Quigley Down Under may not ever attain true greatness, but it has pace and a good deal of panache, and it handles the sociopolitical aspects not just of the Aborigines and their plight but also the humorous interplay between Australians, British and Americans quite well. In fact it's rather instructive to compare Quigley with Luhrmann's overblown Australia, a film which dances around many of the same sorts of characters and issues and additionally had everything money could buy, but which generates roughly one third of the heat and excitement that Quigley does.
There's rarely a satisfying reason that some people shoot to superstardom while others maintain a fantastic level of success while never quite getting to that inner circle of the big screen elite. While I doubt Selleck really has any major complaints about his career, looking back now on efforts like Quigley Down Under from the vantage point of some two decades of often far inferior films, it's hard not to feel that his television superstardom may have doomed him from the get-go with hoity toity film critics who weren't about to give a fair shake to anything yet another upstart t.v. detective was starring in. That's especially shameful with a film like Quigley Down Under. It may not be a masterpiece, but it's solidly crafted, has interesting, well drawn characters, and its heart is in the right place. Personally, I'll take something like Quigley over the high-falutin' pretensions of Australia any day of the week.
Quigley Down Under Blu-ray, Video Quality
Fox's slew of recent releases of MGM catalog titles have been mostly exemplary, and Quigley Down Under is yet another winner, with an appealing AVC encoded 1080p transfer in 2.34:1. This is an often ruggedly gorgeous looking film, and the palette here is filled with sun drenched burnt umbers, siennas and rusts, all of which are splendidly saturated and brilliantly reproduced. Fine detail is often exceptional, offering everything from the slimy mucus emanating from an oxen's nostril to the bristly stubble on Selleck's face. Depth of field and dimensionality are both exceptional throughout the film. Colors ring true here and grain is apparent and natural looking without ever being overwhelming or leading to digital noise. There were a couple of minor moments of aliasing, mostly to do with parallel lines on things like the metal roof on one of Marston's outbuildings, but otherwise this is yet another very solid catalog release that proves that these things can be done well with a little time and effort.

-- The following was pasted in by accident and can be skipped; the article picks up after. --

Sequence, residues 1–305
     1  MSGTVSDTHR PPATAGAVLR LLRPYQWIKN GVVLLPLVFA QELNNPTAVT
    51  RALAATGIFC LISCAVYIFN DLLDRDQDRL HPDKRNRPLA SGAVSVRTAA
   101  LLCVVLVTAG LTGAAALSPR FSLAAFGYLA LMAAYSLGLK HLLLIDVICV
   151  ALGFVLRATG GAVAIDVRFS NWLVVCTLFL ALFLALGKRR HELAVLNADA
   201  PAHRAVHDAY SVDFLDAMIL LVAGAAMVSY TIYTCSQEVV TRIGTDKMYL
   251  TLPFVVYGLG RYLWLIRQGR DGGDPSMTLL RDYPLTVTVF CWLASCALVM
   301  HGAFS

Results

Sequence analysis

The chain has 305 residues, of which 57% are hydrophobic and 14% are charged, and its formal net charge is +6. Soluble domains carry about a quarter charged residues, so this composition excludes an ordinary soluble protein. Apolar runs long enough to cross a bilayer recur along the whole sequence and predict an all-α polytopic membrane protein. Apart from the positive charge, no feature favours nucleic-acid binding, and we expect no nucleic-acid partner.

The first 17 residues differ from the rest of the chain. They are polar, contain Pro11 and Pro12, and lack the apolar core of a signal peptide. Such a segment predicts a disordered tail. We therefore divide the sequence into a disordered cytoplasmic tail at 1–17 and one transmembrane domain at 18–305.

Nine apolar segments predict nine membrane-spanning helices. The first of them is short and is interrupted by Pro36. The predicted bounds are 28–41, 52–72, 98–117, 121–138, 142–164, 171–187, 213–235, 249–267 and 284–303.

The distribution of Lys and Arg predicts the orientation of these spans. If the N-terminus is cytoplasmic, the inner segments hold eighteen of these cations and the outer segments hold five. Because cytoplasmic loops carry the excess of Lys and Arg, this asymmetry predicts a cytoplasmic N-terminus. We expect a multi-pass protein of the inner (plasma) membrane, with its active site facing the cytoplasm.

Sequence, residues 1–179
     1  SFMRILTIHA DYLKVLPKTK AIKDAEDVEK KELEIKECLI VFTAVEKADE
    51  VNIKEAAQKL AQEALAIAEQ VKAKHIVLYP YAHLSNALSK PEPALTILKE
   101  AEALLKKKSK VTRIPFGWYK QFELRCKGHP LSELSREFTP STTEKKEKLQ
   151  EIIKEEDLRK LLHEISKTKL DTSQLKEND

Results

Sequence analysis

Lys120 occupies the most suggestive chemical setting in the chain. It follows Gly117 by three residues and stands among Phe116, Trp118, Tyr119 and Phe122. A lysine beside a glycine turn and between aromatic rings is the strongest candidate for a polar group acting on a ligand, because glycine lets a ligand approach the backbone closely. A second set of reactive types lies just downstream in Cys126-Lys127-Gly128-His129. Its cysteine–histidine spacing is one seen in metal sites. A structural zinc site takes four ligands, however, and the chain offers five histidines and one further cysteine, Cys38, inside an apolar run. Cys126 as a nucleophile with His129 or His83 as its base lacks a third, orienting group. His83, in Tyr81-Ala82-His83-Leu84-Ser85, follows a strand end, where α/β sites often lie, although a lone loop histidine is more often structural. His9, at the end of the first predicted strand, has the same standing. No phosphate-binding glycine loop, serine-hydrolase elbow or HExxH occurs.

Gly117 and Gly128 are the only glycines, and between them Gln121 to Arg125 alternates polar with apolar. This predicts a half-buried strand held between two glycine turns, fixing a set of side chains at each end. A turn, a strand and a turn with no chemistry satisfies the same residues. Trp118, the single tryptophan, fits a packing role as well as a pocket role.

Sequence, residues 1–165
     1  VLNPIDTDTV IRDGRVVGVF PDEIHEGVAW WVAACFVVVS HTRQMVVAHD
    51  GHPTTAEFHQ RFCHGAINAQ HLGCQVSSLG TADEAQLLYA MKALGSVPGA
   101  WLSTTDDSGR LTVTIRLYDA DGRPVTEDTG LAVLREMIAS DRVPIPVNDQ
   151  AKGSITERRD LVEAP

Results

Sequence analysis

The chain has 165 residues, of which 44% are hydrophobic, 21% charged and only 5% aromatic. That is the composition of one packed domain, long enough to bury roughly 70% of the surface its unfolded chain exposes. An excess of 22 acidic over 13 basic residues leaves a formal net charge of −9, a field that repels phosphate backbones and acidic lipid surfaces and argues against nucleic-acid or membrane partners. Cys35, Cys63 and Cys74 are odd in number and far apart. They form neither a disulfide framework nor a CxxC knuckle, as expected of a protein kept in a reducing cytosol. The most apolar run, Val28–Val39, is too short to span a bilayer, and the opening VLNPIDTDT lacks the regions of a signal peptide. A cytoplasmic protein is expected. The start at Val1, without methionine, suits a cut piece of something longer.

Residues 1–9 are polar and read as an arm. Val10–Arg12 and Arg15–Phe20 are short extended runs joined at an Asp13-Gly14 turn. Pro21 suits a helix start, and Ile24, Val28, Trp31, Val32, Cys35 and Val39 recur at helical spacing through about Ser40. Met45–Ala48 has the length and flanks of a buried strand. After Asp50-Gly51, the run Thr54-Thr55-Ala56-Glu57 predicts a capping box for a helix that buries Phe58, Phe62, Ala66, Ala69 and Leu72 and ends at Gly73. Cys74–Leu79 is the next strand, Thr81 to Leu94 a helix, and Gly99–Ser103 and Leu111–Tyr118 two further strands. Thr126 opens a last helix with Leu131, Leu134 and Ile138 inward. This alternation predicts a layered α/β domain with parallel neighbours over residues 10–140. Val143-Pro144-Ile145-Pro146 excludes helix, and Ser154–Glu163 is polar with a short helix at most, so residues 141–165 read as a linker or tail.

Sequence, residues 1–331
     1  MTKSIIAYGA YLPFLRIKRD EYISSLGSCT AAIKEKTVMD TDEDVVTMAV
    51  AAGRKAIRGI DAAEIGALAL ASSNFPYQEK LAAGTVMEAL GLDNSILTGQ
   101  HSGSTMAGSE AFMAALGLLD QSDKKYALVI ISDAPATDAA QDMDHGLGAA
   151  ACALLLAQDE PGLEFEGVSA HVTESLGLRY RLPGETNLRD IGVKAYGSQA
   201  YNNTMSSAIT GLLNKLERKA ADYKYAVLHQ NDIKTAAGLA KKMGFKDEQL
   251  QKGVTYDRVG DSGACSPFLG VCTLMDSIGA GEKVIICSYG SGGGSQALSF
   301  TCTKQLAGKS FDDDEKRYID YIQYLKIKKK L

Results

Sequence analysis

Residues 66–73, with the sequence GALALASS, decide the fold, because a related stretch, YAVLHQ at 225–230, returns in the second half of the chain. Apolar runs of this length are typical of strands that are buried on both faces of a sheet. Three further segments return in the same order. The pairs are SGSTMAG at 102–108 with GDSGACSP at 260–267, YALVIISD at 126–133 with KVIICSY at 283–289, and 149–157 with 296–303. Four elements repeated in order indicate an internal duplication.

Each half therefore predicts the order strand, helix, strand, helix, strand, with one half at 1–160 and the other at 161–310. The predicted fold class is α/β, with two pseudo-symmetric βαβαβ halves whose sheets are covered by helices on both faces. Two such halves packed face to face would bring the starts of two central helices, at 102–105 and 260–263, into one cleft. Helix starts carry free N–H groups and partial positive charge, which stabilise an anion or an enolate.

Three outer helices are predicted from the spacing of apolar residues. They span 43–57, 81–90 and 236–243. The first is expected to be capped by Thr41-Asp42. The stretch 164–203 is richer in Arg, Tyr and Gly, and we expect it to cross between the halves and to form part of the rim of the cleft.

Quigley Down Under Blu-ray, Audio Quality
Quigley Down Under probably could have benefited from a repurposed surround sound mix, considering its vast open spaces and sequences filled with ambient environmental effects and (of course) gunfire, but the lossless DTS-HD Master Audio 2.0 mix that is provided here does quite well within its obviously narrow confines. Dialogue is cleanly presented, and there's really excellent dynamic range throughout the film which captures everything from that selfsame gunfire, to the stark sounds of the Australian outback to the haunting drone like chants of the Aborigines. Basil Poledouris' rip roaring score (which just barely quotes Ferde Grofe's Grand Canyon Suite) sounds beautiful and elevates the film substantially. The overall mix between dialogue, effects and score is also very artfully represented by the DTS track.
Quigley Down Under Blu-ray, Special Features and Extras
Quigley Down Under Blu-ray, Overall Score and Recommendation
Quigley Down Under makes no bones about being an old fashioned entertainment, but it does so within a sort of neo-modern revisionist framework where we're also exposed to some rethinking about native peoples and the interplay between the supposedly "advanced" white man and more atavistic cultures. It's nothing new, but it's to Quigley's credit that the unusual location helps to offset any passing feeling of déjà vu. With excellent performances by Selleck, San Giacomo and especially Rickman (who's as fun as ever), Quigley Down Under is certainly a lot better than it was given credit for being upon its initial theatrical release. Fox has given us yet another excellent Blu-ray upgrade, and at this price point, it's hard not to say Quigley Down Under is Highly recommended.
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Quigley Down Under Blu-ray, News and Updates
• Quigley Down Under and The Big Country Blu-rays - August 22, 2011
This November, MGM Home Entertainment will expand its Blu-ray release schedule for both Quigley Down Under and The Big Country. Quigley Down Under tells the story of an enigmatic sharpshooter (Tom Selleck, Magnum, P.I.) adrift in Australia, while The Big Country ...
• Two More Westerns on Blu-ray Coming Up, Only at Walmart - March 22, 2011
According to information from Walmart, the retail giant will exclusively offer two movies from the western genre (one of them from the Aussie variety) on Blu-ray on May 24, both from the MGM/UA library: The Big Country (William Wyler, 1958), starring Gregory Peck, ...